Cablegate: Major Turkish Trucking Company Boss Threatens To

Published: Wed 27 Oct 2004 02:19 PM
This record is a partial extract of the original cable. The full text of the original cable is not available.
271419Z Oct 04
E.O. 12958: N/A
B. ANKARA 5997
C. STATE 195610
(U) Sensitive but unclassified -- please protect accordingly.
1. (SBU) Summary: The head of a large Turkish trucking
company, Emin Deger, warned emboffs Oct. 22 that U.S. and
Turkish officials have been too slow to address the security
concerns of Turkish truckers in Iraq, threatening that he
could close the Habur Gate if he wished. Deger said that
many of those attacking truckers were not
ideologically-motivated insurgents, but criminal gangs after
money. Deger accused the U.S. of being both insensitive and
ineffective in dealing with the problem. He proposed
creating an Iraqi unit of mixed ethnicity to provide convoy
security. Deger is well-connected politically. We do not
believe he really plans to try to close down the Habur Gate
and the northern Ground Line of Communication (GLOC), but he
reflects well Turkish frustration over continuing security
problems for Turkish drivers and contractors in Iraq. End
2. (SBU) At his request, Emboffs called on Emin Deger, Head
of Deger International Transport and Trading Company and the
Turkish-Iraqi Friendship Association, in his Ankara office on
Oct. 22. Deger, a Turkish Kurd of Iraqi background, told us
that until three months ago, his company had been a KBR
subcontractor carrying 3000 tons/day of humanitarian fuel
shipments into Iraq as far as Baghdad. Now that the Iraqi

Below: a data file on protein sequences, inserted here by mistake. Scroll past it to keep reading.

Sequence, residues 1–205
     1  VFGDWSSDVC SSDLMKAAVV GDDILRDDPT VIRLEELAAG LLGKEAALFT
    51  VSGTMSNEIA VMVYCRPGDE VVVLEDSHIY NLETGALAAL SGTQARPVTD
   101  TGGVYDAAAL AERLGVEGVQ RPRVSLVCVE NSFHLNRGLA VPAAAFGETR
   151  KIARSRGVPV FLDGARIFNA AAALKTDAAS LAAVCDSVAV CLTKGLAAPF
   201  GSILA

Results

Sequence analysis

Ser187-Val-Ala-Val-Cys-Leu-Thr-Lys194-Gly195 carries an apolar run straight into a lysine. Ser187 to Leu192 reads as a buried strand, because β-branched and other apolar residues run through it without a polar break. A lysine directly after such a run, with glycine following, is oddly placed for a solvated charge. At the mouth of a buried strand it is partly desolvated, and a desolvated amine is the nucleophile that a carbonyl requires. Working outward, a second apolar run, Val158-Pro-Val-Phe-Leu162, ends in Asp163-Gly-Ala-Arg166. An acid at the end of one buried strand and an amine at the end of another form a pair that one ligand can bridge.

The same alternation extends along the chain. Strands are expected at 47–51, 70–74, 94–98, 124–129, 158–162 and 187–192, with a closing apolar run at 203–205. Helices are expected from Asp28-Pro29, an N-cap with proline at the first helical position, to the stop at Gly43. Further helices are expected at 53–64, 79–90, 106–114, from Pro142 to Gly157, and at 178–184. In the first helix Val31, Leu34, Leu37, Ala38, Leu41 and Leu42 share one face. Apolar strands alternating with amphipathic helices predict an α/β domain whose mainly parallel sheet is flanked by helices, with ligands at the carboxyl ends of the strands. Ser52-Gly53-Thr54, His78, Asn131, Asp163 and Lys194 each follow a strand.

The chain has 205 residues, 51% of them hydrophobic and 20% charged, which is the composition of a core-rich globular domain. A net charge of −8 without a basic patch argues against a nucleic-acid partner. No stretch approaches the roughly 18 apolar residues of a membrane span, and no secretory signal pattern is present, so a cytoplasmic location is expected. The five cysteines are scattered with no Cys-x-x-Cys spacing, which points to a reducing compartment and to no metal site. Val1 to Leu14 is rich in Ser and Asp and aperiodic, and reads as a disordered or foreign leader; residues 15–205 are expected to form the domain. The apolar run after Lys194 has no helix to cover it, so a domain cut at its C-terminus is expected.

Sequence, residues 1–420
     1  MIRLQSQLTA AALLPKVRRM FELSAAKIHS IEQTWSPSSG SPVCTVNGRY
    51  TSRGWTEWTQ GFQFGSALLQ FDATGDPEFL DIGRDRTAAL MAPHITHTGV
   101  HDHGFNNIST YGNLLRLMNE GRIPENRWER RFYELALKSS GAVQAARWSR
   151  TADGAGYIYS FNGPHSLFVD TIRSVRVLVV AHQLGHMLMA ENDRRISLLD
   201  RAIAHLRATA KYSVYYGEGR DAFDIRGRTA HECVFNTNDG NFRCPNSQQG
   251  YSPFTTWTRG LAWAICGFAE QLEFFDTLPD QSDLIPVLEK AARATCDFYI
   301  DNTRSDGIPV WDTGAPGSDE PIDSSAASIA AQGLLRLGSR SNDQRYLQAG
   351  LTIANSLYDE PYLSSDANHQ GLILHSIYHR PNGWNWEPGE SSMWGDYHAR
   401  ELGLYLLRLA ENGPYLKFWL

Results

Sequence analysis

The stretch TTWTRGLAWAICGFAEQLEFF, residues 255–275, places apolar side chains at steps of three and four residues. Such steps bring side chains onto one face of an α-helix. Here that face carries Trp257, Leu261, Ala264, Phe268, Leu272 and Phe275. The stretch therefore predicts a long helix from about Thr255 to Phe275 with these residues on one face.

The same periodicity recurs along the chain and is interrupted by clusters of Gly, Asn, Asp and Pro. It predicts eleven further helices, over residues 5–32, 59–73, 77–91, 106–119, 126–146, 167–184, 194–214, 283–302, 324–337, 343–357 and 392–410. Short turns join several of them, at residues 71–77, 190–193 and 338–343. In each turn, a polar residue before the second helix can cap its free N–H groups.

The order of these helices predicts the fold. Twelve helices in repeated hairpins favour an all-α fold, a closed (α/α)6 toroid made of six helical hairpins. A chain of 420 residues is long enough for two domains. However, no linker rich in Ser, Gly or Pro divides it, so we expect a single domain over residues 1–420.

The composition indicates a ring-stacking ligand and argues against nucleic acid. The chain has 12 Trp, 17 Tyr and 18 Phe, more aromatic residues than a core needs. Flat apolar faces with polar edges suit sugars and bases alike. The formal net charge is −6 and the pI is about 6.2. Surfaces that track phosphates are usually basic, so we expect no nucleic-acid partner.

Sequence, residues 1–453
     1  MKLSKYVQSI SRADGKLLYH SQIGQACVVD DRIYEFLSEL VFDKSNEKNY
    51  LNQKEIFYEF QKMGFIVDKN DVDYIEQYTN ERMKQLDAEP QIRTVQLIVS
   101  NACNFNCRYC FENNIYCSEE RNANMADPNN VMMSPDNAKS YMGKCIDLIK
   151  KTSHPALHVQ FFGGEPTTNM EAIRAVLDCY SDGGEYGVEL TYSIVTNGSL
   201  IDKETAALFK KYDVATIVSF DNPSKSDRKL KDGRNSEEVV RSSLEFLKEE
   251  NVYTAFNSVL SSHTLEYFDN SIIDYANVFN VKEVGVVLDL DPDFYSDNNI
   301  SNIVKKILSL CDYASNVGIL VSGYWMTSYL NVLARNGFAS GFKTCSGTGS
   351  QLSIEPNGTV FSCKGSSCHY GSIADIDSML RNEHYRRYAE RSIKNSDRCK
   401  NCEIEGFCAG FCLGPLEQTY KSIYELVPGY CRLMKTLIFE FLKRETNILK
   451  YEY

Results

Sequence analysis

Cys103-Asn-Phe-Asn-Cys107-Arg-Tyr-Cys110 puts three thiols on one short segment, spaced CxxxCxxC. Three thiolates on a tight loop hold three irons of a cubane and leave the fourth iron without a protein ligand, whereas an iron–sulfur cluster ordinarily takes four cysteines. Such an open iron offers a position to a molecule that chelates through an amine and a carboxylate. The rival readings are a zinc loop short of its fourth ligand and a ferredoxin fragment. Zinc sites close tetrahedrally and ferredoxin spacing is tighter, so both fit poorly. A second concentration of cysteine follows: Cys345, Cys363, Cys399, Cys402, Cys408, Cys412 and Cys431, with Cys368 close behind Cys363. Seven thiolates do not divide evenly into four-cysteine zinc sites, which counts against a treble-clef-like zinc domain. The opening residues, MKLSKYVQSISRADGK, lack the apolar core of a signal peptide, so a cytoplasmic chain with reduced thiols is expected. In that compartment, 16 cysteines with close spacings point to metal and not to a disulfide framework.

State Oil Marketing Organization (SOMO) has taken over
humanitarian fuel shipments, his company now carries less
than a quarter of that amount into Iraq daily.
3. (SBU) Deger complained that despite somewhat beefed-up
coalition protection for truck convoys in recent weeks,
security for Turkish truck drivers remains inadequate. He
says that so far his company has had one trucker killed and
two kidnapped in Iraq; one of the kidnap victims is his
relative. He also claims to have lost a number of trucks and
their cargo. Deger claimed bandits attack trucks both in and
out of convoy in Iraq going both directions. He
characterized those attacking trucks and truckers as bandits,
not insurgents. He believes that most of the attacks are
conducted by a single group of about 90 persons (Arabs, Kurds
and Turkmen) and that they are motivated by financial gain,
not insurgents motivated by a political vision.
4. (SBU) Deger claimed that he had information on individual
leaders of these gangs, and that his employees in Iraq had
attempted to pass this information on to the Iraqi police.
However the police, according to Deger, informed his
employees that while they may work as police by day, they
work with the criminals/insurgents by night. He said that a
Turkmen named "Mustafa" and a restaurant owner named "Farhan"
in Mosul were the main ringleaders, along with a police
officer named "Ibrahim," who was since killed (NFI). The
dead police officer, Ibrahim, worked at the Jemal police
station, 70 km south of Mosul on the road to Baji. His